Bronx Zoo This zoo is one of the largest in the nation, and also one of the most respected. Taking a short train ride from Grand Central, a parent will find a wonderful place intertwining Beaux Arts architecture and natural habitats. It is a local favorite for kids to blow off a little energy and learn something in the process. The Bronx Zoo holds hundreds of species, many of them rare, and has had success in the past with preserving others-it even once notably helped save the American Bison from extinction.
submitted by MK Goode, 16/11/07

New York City Shopping

The shops in New York City have any combination of goods and cater to all tastes. They are in many shops open any time of the day and night. Even though there are many department stores and chain stores, you will nevertheless find some really odd and old stores who have managed to survive the modern city. Try some of the department stores such as:

Barney's - who concentrate particularly on men's clothing.

Bergdorf Goodman too rich for you? then just window browse.

Bloomingdale's - probably the most famous and has an atmosphere of a large, busy bazaar.

Macy's just as well-known as Bloomingdale's and is the largest department store in the word. Although the quality of goods is mediocre, real fashion is available steadily.

There is an 8.25% sales tax added to your bill.

New York City Activities

Children's Museum of Manhattan - 212 W 83rd St (between Broadway and Amsterdam Ave). Tues–Sun 10am–5pm; $6, under 1 free This highly recommended museum for children will enthral even the old. It is a participatory museum for children 1-12. Not to be overlooked is the 'Seuss' area where children can literally cook some green eggs and ham.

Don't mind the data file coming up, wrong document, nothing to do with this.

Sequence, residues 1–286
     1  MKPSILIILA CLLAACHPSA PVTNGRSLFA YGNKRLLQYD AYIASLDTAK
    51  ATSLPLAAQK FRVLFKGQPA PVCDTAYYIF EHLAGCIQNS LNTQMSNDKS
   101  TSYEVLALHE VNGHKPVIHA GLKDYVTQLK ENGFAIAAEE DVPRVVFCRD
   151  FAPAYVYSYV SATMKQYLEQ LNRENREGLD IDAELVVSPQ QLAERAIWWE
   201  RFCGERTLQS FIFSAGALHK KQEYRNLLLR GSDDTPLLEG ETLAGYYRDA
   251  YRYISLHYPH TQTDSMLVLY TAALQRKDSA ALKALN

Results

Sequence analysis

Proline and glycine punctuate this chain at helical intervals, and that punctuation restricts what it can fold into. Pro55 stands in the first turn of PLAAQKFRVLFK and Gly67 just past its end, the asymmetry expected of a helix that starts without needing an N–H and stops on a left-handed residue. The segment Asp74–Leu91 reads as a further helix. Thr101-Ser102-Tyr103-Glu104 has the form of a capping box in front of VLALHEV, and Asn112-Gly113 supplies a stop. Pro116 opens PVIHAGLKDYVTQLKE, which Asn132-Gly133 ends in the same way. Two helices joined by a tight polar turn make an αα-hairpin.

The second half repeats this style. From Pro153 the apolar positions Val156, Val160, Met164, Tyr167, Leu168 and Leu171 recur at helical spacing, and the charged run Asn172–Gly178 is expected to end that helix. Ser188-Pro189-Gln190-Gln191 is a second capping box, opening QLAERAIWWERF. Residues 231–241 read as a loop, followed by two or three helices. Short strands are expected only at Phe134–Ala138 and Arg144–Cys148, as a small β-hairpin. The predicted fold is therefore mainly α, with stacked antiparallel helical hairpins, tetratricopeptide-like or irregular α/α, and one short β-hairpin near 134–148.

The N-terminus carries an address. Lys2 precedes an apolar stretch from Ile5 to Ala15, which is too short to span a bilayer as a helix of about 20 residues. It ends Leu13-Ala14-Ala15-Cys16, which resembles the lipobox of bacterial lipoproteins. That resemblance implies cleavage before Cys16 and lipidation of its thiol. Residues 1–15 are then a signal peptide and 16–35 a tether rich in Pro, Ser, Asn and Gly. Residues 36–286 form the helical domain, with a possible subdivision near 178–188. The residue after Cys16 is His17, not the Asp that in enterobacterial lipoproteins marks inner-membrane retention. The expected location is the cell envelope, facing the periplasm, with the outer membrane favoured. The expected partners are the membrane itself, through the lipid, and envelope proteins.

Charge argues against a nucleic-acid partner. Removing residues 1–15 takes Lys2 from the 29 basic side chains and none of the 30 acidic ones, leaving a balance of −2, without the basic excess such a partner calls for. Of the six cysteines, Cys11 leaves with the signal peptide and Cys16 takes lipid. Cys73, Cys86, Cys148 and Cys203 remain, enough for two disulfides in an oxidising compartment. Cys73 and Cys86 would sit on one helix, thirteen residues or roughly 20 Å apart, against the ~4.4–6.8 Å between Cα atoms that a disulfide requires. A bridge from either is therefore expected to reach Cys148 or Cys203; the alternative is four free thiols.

The Skyride - Found in the Empire State Building, the Skyride recommends a strong stomach as the seats tilt. You will ride through the best sights in the city via a big-screen and surround sound. Older children will more than likely enjoy the thrill of it all but younger ones may find it too much for them.

Statue of Liberty Start out early as the climb to the statue's crown is steep with 354 steps to cover and it is always crowded with tourists. Children will probably enjoy the boat ride to the island and the more energetic the climb to the top.

Macy's Fourth of July Fireworks Spectacular Get there before sunset and find a place on the banks of the East River. This is the best place to see 10,000 fireworks explode from barges along the west side of Manhattan. It is the biggest and best firework show in the country.

New York City Parks & Gardens

Central Park Compared to the concrete jungle of Manhattan this vast green space is a welcome relief. There are many skaters and joggers, musicians and tourists which make parts of the park very noisy. However there are quieter corners that can be enjoyed if you just want to relax. There is also a small zoo in the park which children will enjoy.

Gramercy Park What was once a swamp is now a pretty park, beautifully planted. Unfortunately as this is the city's last private park only those rich or lucky enough to live there are able to gain access. It has to be the prettiest square in the city and is empty for most of the day. Tragedy.

New York City Beaches